What Happened October 21st In Pop Music History
It’s October 21st, and these are some of the things that happened on this day in pop music history:
- In 2003, Canada’s Barenaked Ladies released their sixth studio album, Everything To Everyone. Recorded in Los Angeles, it featured 14 tracks written by members of the band – marking the first time BNL didn’t use an outside writer. The album, featuring a painting by Canadian artist Chris Woods, peaked at No. 6 in Canada.
- In 1989, “That’s What I Like” by Jive Bunny and the Mastermixers – the father-son duo of Andy and John Pickles – had the No. 1 song in the UK. The track used the theme from Hawaii Five-O as its hook and sampled several other classic songs, including “Let’s Twist Again” and “Great Balls of Fire.” The song was at the top of the UK chart for three weeks.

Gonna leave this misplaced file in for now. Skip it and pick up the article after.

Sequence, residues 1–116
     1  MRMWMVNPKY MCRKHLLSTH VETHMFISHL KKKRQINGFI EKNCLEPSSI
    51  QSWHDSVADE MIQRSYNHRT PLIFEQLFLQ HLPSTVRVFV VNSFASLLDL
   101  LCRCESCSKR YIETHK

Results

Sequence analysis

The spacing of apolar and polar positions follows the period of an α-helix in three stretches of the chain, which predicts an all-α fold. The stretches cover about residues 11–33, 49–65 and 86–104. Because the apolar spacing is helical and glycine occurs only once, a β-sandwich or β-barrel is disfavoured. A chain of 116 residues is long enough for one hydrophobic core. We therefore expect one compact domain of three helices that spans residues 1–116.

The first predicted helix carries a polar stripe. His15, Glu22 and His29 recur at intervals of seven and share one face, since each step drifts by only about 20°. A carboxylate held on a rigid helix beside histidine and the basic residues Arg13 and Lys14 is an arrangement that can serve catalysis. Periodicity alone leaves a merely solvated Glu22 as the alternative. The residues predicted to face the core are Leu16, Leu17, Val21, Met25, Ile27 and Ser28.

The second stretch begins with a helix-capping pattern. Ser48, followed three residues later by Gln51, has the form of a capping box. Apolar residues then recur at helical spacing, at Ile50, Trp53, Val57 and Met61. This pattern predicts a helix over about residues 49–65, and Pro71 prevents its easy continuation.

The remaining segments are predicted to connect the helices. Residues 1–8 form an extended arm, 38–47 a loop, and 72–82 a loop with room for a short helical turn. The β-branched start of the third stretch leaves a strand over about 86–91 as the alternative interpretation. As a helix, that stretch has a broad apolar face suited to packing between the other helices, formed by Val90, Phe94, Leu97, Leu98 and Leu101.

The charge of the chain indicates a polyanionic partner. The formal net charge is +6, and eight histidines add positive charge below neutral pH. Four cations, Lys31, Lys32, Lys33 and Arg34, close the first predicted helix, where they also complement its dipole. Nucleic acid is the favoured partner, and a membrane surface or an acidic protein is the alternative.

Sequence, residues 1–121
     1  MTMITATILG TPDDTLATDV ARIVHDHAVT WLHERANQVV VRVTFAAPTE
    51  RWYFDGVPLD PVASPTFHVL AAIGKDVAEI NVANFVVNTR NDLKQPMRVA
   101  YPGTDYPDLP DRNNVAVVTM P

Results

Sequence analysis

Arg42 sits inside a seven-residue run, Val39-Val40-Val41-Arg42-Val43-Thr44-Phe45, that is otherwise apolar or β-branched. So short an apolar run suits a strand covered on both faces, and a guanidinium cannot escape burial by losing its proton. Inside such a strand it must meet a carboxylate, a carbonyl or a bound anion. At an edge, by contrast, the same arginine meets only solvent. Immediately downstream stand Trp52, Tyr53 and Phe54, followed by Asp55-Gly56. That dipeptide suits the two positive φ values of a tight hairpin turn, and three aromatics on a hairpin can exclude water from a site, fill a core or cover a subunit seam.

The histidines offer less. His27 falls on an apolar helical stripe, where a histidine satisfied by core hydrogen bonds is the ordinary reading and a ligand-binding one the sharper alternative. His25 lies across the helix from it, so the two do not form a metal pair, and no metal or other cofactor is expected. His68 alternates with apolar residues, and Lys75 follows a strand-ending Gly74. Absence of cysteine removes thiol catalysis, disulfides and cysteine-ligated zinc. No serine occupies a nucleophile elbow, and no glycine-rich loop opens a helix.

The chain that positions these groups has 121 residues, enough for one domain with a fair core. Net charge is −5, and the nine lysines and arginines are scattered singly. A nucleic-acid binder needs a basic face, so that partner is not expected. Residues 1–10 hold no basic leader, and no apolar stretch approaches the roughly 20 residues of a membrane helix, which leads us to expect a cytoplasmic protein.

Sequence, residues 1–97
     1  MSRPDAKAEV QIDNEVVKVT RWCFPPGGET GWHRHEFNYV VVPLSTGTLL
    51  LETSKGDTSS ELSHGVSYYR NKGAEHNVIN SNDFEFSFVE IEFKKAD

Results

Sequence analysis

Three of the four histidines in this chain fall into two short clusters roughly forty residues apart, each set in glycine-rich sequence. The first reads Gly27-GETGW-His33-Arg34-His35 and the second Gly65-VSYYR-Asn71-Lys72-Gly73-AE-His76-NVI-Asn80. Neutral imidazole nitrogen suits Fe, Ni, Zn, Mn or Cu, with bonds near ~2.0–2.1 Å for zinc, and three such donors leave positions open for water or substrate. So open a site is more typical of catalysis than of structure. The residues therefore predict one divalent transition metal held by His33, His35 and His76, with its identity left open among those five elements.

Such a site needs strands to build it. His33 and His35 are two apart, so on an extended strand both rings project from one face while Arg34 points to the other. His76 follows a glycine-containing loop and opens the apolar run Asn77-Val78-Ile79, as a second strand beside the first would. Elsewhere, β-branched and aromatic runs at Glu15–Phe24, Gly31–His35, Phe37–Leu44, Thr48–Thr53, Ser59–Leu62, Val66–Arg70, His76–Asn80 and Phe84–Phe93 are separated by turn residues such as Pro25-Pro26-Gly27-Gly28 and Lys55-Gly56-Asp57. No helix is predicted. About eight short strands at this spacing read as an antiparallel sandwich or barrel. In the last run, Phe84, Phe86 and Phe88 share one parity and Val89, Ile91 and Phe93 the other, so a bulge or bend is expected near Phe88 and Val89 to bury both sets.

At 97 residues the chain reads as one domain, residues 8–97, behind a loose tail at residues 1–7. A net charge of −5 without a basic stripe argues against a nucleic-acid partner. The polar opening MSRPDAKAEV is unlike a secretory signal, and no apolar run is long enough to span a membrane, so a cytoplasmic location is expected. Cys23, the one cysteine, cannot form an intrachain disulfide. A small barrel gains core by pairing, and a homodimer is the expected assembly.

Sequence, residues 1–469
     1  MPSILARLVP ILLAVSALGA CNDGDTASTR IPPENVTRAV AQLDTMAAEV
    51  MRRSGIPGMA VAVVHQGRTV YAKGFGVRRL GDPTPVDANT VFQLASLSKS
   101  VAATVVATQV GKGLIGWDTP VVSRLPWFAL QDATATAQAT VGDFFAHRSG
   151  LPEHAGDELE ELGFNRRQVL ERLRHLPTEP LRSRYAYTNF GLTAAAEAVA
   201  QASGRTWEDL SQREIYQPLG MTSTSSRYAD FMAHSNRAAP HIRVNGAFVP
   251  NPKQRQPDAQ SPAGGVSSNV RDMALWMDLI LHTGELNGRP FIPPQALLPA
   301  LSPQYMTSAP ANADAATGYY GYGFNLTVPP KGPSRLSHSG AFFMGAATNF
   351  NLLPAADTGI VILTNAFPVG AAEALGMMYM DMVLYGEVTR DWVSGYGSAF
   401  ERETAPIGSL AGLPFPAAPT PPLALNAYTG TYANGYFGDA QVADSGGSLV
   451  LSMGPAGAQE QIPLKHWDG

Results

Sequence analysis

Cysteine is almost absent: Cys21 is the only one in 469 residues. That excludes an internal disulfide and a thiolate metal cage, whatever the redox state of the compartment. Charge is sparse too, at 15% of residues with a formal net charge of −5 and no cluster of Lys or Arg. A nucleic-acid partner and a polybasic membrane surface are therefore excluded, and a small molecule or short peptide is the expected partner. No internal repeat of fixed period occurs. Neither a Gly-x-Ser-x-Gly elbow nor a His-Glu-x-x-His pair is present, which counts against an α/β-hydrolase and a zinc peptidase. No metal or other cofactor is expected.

- In 1998, Coolio pleaded not guilty to charges of carrying a concealed weapon and possession of marijuana possession in Torrance, California following a September traffic stop. Police said the “Gangsta’s Paradise” rapper was driving his SUV on the wrong side of the road.
- In 1953, Charlotte Irene Caffey was born in California. After playing bass guitar in a punk band, she joined the Go-Go’s in 1978. Caffey wrote one of the band’s biggest hits, “We Got The Beat.”
- In 1992, Madonna’s coffee-table book Sex was published. The controversial collection of photos sold 150,000 copies on its first day of release in the U.S. alone and was on best-seller lists around the world.
- In 1972, Chuck Berry earned his first and only No. 1 hit on the Billboard Hot 100 with “My Ding-a-Ling,” a cover of a Dave Bartholomew song. The song might very well be about exactly what you think.
- In 2003, singer-songwriter Elliott Smith died from two self-inflicted stab wounds to the chest. He was 34. Smith was best known for his song “Miss Misery,” which was featured on the soundtrack to the Toronto-shot 1997 film Good Will Hunting and was up for Best Original Song at the Oscars.
And that’s what popped on this day.